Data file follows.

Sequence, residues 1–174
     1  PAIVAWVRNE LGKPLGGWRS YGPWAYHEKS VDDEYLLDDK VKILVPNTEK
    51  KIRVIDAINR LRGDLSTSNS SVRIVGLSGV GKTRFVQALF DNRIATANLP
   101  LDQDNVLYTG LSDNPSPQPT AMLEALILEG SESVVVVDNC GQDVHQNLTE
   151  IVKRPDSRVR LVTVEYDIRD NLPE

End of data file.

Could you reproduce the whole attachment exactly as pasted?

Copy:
Sequence, residues 1–174
     1  PAIVAWVRNE LGKPLGGWRS YGPWAYHEKS VDDEYLLDDK VKILVPNTEK
    51  KIRVIDAINR LRGDLSTSNS SVRIVGLSGV GKTRFVQALF DNRIATANLP
   101  LDQDNVLYTG LSDNPSPQPT AMLEALILEG SESVVVVDNC GQDVHQNLTE
   151  IVKRPDSRVR LVTVEYDIRD NLPE